Student Profile: UM involvement preparing path to United Nations for Amamoo

By Emily Reed

Senior Claudia Bonney Amamoo made it a goal to be actively involved during her time as a student at UM.

Amamoo said when deciding where she would attend college, she chose the University of Montevallo because she believed she belonged. “I was vastly impressed by the welcoming staff and the serene environment,” Amamoo said. “A significant highlight of my journey at Montevallo includes making lifelong friends, building an extensive network of alumni and faculty and developing skills in and out of the classroom.”

“My time at the University has encouraged me to become more active, conscientious and knowledgeable,” Amamoo said. “Many of these qualities have been fostered through my interactions with the faculty, staff and fellow students.”

Amamoo, originally from Accra, Ghana, is double-majoring in political science and Spanish. She serves as president of the Multicultural Student Organization, vice president of the Future Alumni of Montevallo (FAM), a resident assistant, a McNair Scholar and a Minorities Achieving Dreams of Excellence (M.A.D.E.) ambassador.

M.A.D.E. is a program dedicated to helping minority students navigate their college journey by providing them with resources. “M.A.D.E. provides a supportive environment for minority students to build a community of students, faculty and staff committed to their success,” Amamoo explained. She was one of the first students to be involved with the program and was instrumental in its establishment.

“I got involved with M.A.D.E. through networking with Jason Perry, student diversity recruitment and retention coordinator,” Amamoo said. “I had previously worked with him as a member of the Students Today, Alumni Tomorrow organization which is now part of FAM, and as the vice president for the Black Student Union.

Since joining M.A.D.E. as an ambassador, I have served on the social media committee and created content that expresses the spirit and mission of the program.” She has also participated in early orientation by speaking on the student panel and participating in Mentor Match Day where ambassadors are paired with new mentees in the program.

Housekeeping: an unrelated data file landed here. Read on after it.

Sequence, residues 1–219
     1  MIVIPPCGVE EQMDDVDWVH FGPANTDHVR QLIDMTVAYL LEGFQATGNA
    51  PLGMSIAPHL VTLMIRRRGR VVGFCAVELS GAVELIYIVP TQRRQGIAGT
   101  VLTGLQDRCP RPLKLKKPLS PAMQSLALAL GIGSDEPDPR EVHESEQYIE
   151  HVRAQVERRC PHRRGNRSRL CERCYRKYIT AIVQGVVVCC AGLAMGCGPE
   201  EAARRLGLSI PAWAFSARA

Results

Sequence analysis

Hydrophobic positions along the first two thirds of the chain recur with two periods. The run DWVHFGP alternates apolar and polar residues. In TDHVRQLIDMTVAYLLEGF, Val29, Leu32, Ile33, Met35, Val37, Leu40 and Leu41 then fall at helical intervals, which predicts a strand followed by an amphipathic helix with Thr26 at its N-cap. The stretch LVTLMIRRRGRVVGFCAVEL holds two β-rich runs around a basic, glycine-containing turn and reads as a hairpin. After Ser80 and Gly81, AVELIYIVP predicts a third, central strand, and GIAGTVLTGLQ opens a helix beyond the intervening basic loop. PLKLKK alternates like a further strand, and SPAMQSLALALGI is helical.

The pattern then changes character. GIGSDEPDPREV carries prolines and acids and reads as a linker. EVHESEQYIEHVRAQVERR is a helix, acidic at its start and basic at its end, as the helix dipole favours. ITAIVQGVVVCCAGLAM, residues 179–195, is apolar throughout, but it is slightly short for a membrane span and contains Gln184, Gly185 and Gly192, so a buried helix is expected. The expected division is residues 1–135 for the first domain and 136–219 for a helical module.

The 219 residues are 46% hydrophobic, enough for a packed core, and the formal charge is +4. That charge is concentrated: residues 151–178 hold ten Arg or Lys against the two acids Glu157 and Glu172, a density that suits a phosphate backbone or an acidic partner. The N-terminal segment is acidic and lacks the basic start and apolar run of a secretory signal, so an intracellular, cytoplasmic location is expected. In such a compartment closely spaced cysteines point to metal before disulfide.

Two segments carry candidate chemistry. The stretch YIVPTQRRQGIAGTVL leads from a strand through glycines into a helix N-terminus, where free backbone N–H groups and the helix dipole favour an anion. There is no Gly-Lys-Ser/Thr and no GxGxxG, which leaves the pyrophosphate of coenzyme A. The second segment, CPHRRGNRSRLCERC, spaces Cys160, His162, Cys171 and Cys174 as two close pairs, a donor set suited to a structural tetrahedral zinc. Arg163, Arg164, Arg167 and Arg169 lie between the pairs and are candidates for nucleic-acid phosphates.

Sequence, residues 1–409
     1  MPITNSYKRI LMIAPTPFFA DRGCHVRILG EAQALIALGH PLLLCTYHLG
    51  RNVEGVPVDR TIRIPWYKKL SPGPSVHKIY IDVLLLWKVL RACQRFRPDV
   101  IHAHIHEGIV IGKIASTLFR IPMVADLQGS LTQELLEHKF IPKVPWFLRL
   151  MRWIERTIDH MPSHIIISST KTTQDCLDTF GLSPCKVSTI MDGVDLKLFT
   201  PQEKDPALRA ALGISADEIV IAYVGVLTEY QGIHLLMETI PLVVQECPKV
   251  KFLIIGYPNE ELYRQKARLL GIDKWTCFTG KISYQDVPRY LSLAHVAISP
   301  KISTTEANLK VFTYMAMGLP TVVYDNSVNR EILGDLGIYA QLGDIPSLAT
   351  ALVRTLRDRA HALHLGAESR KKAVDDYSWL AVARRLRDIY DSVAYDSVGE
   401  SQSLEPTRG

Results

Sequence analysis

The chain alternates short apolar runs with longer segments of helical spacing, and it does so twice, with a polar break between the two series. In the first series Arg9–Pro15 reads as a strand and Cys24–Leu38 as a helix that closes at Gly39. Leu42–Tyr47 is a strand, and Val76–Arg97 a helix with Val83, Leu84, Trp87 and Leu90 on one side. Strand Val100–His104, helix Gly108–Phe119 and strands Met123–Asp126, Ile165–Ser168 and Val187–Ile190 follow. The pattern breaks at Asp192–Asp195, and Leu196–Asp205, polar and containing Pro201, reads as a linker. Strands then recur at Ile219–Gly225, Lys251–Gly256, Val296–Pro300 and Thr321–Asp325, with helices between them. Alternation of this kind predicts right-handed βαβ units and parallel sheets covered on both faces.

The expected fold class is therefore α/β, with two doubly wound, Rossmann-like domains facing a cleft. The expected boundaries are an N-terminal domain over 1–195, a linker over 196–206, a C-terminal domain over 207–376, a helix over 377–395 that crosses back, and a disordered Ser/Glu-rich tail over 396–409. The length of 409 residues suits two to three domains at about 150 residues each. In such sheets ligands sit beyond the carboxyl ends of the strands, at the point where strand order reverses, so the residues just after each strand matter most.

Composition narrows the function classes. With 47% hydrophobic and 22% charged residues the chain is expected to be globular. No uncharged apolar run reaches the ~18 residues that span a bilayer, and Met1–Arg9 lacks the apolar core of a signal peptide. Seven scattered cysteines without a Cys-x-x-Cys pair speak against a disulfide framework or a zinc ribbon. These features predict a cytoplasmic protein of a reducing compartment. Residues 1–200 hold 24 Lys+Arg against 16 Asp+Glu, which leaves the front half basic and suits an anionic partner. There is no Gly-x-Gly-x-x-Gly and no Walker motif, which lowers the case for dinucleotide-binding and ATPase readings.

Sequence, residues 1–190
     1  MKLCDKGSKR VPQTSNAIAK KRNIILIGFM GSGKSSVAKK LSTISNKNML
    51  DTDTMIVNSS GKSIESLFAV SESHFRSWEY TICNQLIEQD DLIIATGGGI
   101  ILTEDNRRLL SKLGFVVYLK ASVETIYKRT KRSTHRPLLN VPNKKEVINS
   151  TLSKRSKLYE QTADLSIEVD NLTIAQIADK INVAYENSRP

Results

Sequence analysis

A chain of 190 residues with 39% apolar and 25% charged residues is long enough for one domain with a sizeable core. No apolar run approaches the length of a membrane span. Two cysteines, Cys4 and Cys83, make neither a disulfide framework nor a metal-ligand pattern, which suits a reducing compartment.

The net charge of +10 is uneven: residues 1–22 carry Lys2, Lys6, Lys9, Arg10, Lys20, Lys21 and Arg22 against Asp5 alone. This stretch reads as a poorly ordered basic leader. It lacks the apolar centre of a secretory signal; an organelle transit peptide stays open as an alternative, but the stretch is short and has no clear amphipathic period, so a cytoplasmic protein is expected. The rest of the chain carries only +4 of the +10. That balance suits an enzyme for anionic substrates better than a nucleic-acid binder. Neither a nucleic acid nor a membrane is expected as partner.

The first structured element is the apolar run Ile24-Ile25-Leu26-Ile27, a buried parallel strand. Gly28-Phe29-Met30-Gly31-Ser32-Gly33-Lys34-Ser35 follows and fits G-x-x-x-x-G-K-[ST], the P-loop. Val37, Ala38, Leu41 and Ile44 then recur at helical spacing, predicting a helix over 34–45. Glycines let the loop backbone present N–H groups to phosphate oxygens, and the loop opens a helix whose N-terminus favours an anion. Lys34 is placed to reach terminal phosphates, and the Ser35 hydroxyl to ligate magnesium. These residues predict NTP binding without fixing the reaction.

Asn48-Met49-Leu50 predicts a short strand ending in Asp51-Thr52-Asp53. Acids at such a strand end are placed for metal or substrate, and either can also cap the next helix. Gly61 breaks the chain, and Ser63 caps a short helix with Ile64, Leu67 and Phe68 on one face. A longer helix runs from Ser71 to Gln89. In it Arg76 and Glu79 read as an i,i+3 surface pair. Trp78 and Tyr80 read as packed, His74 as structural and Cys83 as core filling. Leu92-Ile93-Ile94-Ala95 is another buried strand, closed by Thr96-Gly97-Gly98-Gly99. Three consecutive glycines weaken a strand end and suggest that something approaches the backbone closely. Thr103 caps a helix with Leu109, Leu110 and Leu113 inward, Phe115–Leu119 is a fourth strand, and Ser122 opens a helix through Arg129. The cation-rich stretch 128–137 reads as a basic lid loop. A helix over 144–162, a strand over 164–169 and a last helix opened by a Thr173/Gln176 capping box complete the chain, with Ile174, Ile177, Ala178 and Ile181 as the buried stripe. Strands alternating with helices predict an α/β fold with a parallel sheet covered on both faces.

M.A.D.E. offers a two-day early orientation, which allows students an opportunity to move into their residence hall early, engage in interactive activities and get acclimated to a new environment. In addition, M.A.D.E. also offers monthly educational meetings, coaching, networking opportunities and scholarships for its students and ambassadors.

Amamoo has also served in many roles in other organizations on campus including the Environmental Club, Hispanic Student Organization, Falcon Scholars, SGA and tutor at the Learning Enrichment Center.

Most days, Amamoo spends her time practicing yoga in the mornings before heading to her foreign language senior seminar followed by her African politics and United Nations classes.

“After classes, I either prepare for tutoring sessions at the Learning Enrichment Center or head to the Caf,” Amamoo said. “I usually end my day by studying for the LSAT and GRE or editing content for social media.”

Amamoo had initially planned to visit Ghana in 2020 to see her family members whom she has not seen in six years. However, the COVID-19 pandemic halted her plans to return, and she hopes to visit in the next two years. “There have been significant developments in the nation since I last visited in 2014,” she said. “Mainly, I want to tour Kakum National Park, which has a forest canopy, and the Elmina Castle.”

Amamoo said she hopes to apply her skills and experiences developed at UM to eventually becoming an immigration lawyer and a legal officer for the United Nations.